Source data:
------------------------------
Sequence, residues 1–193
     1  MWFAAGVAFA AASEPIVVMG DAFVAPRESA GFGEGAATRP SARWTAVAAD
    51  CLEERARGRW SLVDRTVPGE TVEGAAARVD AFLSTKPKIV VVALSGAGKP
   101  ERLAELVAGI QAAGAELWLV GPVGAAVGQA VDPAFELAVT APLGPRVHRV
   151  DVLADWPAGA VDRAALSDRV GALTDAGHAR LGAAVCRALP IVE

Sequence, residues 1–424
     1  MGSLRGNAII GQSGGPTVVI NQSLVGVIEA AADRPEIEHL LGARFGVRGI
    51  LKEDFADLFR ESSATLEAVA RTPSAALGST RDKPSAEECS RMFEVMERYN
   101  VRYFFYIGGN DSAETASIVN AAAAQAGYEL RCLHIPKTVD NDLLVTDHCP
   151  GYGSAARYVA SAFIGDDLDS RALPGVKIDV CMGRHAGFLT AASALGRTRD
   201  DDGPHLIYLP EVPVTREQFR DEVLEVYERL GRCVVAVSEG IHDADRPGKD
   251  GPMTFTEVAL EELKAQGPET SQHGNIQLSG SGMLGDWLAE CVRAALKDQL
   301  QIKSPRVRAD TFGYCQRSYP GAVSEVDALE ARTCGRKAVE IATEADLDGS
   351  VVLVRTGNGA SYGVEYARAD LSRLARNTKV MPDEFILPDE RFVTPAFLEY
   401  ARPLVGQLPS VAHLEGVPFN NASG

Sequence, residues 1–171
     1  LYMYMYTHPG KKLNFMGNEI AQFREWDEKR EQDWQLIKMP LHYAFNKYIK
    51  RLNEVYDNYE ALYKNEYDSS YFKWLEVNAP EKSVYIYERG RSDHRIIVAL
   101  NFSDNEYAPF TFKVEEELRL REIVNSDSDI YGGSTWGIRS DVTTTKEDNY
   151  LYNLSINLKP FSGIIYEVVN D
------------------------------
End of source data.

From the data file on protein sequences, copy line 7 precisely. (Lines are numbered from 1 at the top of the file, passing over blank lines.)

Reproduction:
     1  MGSLRGNAII GQSGGPTVVI NQSLVGVIEA AADRPEIEHL LGARFGVRGI